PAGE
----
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Turkey recognizes scientist for work on wheat and climate change data

Results of recent research into wheat landraces are so promising that the Turkish government has given a certificate of recognition to scientist Emel Ozer, who works with CIMMYT.

Emel Ozer (second from right), Climate Change and Drought Research Unit Officer at Bahri Dagdas International Agricultural Research Institute, has been awarded for her studies into wheat landraces. She is shown with other researchers from Turkey’s Institutes of General Directorate of Agricultural Research and Politics. CIMMYT/Handout

EL BATAN, Mexico (CIMMYT) – In the race to protect staple food crops from risks posed by climate change, scientists in Turkey are conducting research into how ancient wheat landraces survive extreme heat and drought.

Results of recent research are so promising that Turkey’s Ministry of Food, Agriculture and Livestock’s General Directorate of Agricultural Research and Politics has given a certificate of recognition to scientist Emel Ozer, climate change and drought research unit officer at the Bahri Dagdas International Agricultural Research Institute (BDIARI).

Early domesticated wheat varieties emerged in Turkey almost 10,000 years ago in hot and arid climate conditions. As a result, germplasm – the material from which the plant is made up – found in contemporary varieties offers scientists the potential to identify and strategically breed genes from hardy heat and drought resistant plants.

Ozer is working on a project in Konya, about 250 kilometers south of Turkey’s capital Ankara, supported by the International Maize and Wheat Improvement Center (CIMMYT) aimed at identifying wheat genetic markers for drought and heat. Ozer received the award for honors of excellence for her studies over the past three years from Nevzat Birisik of the General Directorate of Agricultural Research and Politics.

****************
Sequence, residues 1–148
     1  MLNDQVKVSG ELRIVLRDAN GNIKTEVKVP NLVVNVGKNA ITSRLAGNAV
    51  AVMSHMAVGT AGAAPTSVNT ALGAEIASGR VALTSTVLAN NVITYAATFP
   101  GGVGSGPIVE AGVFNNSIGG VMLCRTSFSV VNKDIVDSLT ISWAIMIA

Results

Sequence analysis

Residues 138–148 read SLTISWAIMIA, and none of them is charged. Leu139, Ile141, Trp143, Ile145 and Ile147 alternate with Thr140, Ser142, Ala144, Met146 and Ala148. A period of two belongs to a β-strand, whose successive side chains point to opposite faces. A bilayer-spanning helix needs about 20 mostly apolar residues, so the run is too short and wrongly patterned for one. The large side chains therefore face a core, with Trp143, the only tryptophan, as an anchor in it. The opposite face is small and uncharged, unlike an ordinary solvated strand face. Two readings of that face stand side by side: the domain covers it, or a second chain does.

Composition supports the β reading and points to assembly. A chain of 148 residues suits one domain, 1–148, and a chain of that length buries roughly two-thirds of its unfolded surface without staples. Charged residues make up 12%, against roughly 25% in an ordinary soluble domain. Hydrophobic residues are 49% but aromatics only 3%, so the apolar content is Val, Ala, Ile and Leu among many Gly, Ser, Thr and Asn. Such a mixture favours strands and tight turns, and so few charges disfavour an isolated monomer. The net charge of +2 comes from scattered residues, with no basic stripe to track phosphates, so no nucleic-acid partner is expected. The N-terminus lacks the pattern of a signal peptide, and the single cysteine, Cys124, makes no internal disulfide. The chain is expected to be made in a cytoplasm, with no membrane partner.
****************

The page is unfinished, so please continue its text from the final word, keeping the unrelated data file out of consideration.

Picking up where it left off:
“By identifying and combining the right genes, we’ll eventually be able to transfer new technologies to modern wheat varieties, helping scientists and institutions to fortify wheat against the impact of climate change,” said Marta Lopes, a scientist with CIMMYT’s winter wheat physiology program, who has worked with Ozer over the past six years.

“By implementing field trials and testing varieties in the region, ensuring that planting is done properly and designing training courses for the local community, Emel has made a significant impact, helping us move towards our goals.”

Data gathered by Ozer helps improve the reach of the International Treaty on Plant Genetic Resources for Food and Agriculture. Under the guidance of Lopes, Ozer works to address the challenges of climate change in Iran, Morocco and Turkey by creating an international database to promote the use of wheat genetic resources and increase genetic gains.

“Through extensive fieldwork, Ozer has also helped develop and improve methodologies that are easier, faster and cheaper to use to measure varieties for drought and heat tolerance,” Lopes said.

“This award is the fruit of my studies, personal and cooperative efforts with other researchers and my research projects,” Ozer said. “The biggest challenge is being a woman researcher in a field dominated by men. In my country, unlike in many other countries, there aren’t many women researchers which means it’s more difficult.”

Formerly a wheat breeder at BDIARI, Ozer helped design and revamp wheat field phenotyping courses with Lopes.

Related research:

Exploiting genetic diversity from landraces in wheat breeding for adaptation to climate change – Journal of Experimental Botany

Predicting wheat maturity and stay–green parameters by modeling spectral reflectance measurements and their contribution to grain yield under rainfed conditions – Field Crops Research